Ben McKenzie - Commissioner Jim Gordon
If there was a load-bearing character on Gotham, it would definitely be Ben McKenzie's Jim Gordon, as close to a working-class superhero as there is. The fact that the finale even hinted at him trying to quit the GCPD was surprising, given the character's legacy, but the story obviously worked itself out in Gotham City's favor. Even if he had to shave to make it happen.
I also got to talk to Ben McKenzie during TCA, where we talked about him facing fellow former teen hunk Shane West as Bane. McKenzie is a pragmatic actor who loved his time on Gotham, even if he didn't flip out with excitement over Batman's arrival. But would he return to play Jim Gordon again someday? His answer:
Sure. Possibly. I mean I think that, in the right context, sure. I think this, for what we were doing here, we really bookended it in a way that feels true and honest to the characters that have been fleshed out here. So this feels like a real ending. But if in the future, it were to come back around again in some way, yeah of course, I'd always be open to thinking about and talking about that, and doing it possibly. I mean, I've mainly played three characters in 15 years, you know? Three different shows, and each of them kind of stick with you a little bit, and it's fun to re-explore and think about again, if you haven't thought about them a lot.
Three different shows that might seemingly have three very different fan demographics, too. Ben McKenzie starred in both the teen drama The O.C. and the non-comic cop drama Southland before hanging his hat in Gotham City, and I've no doubt that fans of both of those shows would love to see them get revived in some form or fashion.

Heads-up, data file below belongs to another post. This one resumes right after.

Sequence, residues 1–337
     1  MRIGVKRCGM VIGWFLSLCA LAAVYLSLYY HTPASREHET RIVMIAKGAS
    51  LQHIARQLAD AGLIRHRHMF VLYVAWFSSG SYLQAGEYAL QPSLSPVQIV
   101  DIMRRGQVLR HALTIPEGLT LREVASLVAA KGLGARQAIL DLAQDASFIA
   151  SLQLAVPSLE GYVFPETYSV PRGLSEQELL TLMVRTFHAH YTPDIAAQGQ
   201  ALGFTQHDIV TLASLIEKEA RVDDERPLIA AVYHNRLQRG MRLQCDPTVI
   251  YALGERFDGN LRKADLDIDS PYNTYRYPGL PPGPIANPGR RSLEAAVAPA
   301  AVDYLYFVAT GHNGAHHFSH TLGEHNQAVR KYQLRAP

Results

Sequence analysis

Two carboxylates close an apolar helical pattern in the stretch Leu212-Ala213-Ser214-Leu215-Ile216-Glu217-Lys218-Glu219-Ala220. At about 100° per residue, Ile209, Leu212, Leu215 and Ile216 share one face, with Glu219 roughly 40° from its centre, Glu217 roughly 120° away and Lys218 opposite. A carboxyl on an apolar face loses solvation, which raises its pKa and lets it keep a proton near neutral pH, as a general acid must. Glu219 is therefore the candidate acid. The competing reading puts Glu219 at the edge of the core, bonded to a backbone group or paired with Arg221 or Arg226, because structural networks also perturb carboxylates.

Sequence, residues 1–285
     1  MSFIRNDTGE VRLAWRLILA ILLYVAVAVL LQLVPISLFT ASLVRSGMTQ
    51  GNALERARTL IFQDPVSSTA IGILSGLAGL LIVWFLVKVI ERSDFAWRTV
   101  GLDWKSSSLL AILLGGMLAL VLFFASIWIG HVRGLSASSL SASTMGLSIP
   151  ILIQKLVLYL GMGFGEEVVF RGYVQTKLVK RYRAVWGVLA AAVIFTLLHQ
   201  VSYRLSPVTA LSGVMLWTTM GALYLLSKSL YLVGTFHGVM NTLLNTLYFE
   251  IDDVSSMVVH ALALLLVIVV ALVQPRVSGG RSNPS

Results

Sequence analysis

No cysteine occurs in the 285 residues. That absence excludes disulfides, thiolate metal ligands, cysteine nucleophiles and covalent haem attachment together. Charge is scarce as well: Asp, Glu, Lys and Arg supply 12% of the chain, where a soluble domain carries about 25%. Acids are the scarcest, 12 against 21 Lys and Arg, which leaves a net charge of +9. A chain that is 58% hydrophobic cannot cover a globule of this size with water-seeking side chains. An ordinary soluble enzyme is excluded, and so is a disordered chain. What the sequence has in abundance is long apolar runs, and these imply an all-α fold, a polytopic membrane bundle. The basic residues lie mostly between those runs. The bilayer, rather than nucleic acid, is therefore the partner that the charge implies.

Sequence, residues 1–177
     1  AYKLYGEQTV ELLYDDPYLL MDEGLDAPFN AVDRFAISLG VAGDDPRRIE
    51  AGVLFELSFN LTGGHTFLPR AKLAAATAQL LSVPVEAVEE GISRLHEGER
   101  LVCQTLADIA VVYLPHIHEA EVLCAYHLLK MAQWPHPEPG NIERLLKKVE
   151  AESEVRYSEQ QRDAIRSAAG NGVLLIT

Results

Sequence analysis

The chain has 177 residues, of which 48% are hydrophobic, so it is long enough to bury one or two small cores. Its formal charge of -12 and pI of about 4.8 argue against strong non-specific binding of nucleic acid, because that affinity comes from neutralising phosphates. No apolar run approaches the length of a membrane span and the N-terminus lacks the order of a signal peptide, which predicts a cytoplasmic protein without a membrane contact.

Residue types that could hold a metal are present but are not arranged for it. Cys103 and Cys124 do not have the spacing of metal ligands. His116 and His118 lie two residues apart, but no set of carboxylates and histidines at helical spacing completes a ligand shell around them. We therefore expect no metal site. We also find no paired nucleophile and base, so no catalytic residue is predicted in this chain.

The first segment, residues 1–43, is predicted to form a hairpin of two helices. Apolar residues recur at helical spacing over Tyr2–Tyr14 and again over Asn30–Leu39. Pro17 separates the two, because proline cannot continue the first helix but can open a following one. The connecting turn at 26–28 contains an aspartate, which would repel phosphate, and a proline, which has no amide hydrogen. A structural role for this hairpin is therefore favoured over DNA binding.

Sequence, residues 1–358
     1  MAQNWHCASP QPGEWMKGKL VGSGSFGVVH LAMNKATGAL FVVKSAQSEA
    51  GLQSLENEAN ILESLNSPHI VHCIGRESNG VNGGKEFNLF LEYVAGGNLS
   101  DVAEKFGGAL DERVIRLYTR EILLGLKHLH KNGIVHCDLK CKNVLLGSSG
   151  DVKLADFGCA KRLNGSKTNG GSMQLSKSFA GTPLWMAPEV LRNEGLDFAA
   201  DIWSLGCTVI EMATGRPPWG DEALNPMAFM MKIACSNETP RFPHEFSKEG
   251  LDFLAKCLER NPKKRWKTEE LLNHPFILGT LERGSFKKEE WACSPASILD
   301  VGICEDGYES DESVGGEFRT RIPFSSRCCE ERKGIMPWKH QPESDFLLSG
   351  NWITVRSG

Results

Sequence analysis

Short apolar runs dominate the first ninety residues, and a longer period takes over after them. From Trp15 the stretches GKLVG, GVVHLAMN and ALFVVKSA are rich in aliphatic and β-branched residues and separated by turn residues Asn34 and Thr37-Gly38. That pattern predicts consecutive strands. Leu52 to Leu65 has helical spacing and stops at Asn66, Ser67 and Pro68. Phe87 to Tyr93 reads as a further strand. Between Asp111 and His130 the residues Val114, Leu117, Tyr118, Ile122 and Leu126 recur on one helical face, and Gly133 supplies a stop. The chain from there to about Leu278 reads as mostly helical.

Regardless of any of that, though, Ben McKenzie sounds like he'd be willing to slick his hair back anew to lead the GCPD against whatever dangerous threats lie over the horizon. Just imagine if the newest recruit on the squad was his Southland character Ben Sherman, and if Joker's newest henchman was The O.C.'s Ryan Atwell.
Robin Lord Taylor - Oswald Cobblepot / The Penguin
After five seasons of watching Robin Lord Taylor committing some Penguin-lite acts as Oswald Cobblepot, Gotham fans were introduced to the most genuine iteration of The Penguin that TV has seen since Burgess Meredith waddled around for the 60's Batman series. The penultimate episode injured his eye to set up the monocle, and a rough decade in Arkham Asylum led to his weight gain and heightened levels of frustrated anger.
I got to talk to Robin Lord Taylor on the phone just ahead of the finale's airing, and he seemed to still be riding that one-of-a-kind Gotham high, championing the work he got to do alongside Cory Michael Smith as Ed Nygma. When I asked Taylor if he would ever want to get uncomfortable in The Penguin's signature garb again in the future, he was down, but only if his co-stars were making the return with him.
Absolutely. I totally would. It would have to be the right circumstances. I don't think I could do it...in fact, I know I couldn't do it unless the actors I worked with on Gotham came back as well. It's like, there's no way I could be in a scene with a different Riddler. I couldn't do it. It wouldn't be justice. It would be blasphemous to what we had done before. So again, if the circumstances were right, in a heartbeat I would be there.